I loved the story of the Dorset pub landlord who, when asked if he could identify someone to turn on the heating and buy a pint of milk for an older lady returning from hospital, thought that the village could do better and rallied the whole community to cook her meals throughout her first month home. But the challenge for local authorities is how to enable and encourage this kind of action, while juggling our very real responsibilities for safeguarding and risk management and fewer resources.

The challenge for local authorities

We heard how hard it can be for local authorities to "get out of the way" of individuals and communities helping each other out – and how easy it is for local government involvement to bring with it a baggage of systems and process which can put a damper on people’s own initiatives.

Others shared concerns that, as local authorities come under pressure, and the contracting environment becomes more stringent, some community organisations are being forced to ask more of their volunteers and are losing people as a result. 

I think what I took away was that there are some important things we can do as local authorities – in our roles as commissioners, as place-shapers and as providers of central infrastructure, to enable more people in later life to volunteer. We can create the space in which communities can step up to help one another, recognising that we won’t always be able to control how this happens.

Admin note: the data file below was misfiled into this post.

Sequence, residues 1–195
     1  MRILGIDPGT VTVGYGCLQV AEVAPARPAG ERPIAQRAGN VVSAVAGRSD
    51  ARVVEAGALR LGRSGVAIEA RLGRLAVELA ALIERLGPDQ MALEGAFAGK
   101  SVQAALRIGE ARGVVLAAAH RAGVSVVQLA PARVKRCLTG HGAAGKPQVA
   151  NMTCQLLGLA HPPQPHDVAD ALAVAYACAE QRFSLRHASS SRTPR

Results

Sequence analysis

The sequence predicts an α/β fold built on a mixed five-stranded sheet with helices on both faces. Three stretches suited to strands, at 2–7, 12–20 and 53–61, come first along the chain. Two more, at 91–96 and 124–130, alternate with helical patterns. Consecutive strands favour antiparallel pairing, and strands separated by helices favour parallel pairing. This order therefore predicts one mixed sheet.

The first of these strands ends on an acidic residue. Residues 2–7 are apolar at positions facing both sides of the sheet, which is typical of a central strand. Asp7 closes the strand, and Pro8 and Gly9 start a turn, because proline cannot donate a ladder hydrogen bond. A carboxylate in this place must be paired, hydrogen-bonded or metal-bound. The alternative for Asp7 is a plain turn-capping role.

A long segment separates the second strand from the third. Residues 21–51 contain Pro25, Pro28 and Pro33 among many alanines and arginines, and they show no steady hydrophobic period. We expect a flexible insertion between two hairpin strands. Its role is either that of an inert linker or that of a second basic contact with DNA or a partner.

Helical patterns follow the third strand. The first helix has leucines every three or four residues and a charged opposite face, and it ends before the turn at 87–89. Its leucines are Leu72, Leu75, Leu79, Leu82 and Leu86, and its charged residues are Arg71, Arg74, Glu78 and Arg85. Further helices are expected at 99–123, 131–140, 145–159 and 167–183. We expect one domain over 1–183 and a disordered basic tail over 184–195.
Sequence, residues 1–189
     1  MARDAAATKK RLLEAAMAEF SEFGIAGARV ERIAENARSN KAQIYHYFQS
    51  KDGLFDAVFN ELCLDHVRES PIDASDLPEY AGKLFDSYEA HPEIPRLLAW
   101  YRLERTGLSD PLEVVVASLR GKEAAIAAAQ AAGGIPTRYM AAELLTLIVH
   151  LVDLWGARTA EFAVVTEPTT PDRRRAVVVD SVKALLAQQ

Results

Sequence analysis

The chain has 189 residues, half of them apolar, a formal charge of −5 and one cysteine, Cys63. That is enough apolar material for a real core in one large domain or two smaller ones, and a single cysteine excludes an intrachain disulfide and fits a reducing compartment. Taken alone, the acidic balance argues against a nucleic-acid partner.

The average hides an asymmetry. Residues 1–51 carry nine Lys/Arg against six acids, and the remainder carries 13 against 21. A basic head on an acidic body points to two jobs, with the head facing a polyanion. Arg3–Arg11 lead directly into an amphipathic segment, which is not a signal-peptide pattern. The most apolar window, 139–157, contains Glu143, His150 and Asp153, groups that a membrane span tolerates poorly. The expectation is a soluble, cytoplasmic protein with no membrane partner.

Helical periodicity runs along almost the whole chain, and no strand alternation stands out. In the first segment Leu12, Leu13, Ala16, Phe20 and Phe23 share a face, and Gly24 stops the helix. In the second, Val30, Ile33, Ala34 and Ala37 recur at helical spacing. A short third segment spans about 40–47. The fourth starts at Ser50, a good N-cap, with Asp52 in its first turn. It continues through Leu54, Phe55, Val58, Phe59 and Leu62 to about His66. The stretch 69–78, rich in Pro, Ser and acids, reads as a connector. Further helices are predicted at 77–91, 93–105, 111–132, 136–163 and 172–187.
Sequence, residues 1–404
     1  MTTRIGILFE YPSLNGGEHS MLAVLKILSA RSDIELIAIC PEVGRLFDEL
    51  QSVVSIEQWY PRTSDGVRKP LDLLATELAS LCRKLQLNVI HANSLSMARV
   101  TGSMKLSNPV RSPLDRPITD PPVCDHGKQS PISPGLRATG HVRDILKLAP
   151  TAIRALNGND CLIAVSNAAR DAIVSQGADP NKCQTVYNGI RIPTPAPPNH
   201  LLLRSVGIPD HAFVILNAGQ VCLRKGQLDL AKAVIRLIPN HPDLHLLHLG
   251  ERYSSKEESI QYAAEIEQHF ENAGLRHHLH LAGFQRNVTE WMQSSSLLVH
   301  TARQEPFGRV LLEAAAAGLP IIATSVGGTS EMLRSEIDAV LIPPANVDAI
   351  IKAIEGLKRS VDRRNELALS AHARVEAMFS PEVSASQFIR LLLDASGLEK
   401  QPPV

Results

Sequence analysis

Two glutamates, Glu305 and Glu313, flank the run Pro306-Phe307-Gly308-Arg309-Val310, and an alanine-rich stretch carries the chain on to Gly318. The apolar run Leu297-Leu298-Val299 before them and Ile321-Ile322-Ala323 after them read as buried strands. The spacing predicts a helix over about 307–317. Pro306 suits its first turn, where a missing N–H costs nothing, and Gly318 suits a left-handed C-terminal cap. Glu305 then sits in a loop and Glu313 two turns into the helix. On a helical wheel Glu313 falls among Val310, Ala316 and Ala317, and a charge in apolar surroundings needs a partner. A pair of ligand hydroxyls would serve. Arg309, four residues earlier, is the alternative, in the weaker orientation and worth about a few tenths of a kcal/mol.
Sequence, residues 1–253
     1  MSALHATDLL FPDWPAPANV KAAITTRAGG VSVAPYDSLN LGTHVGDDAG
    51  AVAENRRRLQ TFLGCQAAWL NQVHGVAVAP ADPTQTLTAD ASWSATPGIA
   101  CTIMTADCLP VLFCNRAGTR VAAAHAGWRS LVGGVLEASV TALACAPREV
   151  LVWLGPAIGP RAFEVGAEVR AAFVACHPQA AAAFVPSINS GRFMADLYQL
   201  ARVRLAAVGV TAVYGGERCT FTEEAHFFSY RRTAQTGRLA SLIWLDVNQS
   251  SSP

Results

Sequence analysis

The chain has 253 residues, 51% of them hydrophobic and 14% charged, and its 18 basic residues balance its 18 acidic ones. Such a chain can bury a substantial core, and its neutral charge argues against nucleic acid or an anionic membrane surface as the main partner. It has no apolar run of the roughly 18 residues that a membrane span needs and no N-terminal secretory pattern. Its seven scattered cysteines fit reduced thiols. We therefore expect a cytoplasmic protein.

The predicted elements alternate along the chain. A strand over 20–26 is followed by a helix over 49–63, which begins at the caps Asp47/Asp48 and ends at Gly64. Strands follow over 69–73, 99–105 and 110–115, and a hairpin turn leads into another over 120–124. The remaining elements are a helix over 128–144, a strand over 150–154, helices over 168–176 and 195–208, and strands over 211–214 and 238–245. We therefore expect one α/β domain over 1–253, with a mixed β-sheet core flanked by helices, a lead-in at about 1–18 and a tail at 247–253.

Encouraging spontaneous contributions:
  • We can create an environment ethos in which it is easier for voluntary and community sector organisations to share volunteers between them – and (through schemes like Bracknell Forest’s) we can help to reduce bureaucratic burdens.
  • We can avoid setting up contracts in ways that overly formalise and suffocate more spontaneous forms of community contribution.
  • And we can ensure that we are realistic about the costs of volunteering – and the need for investment in infrastructure and inclusive outreach if we are to engage those who currently miss out.
From Parish Councils to village fetes - older people are involved

In so many of our communities, older people are already the lifeblood, holding together Parish Councils, Tenants Associations, community cafes, and village fetes. But as the shape of later life changes – as more of us care, and work, and live with long term conditions – we cannot afford to be complacent about this supply of voluntary effort.

Ensuring that older people in all their diversity, are enabled to contribute to their communities, will require concerted thought and action. But if we can bring down the barriers to community contribution, the prize is not just a happier, more connected older population, but also healthier, happier communities - today and tomorrow.

Cllr Izzi Seccombe OBE is leader of Warwickshire County Council and Chairman of the LGA Community Wellbeing Board.

Contributing to communities in later life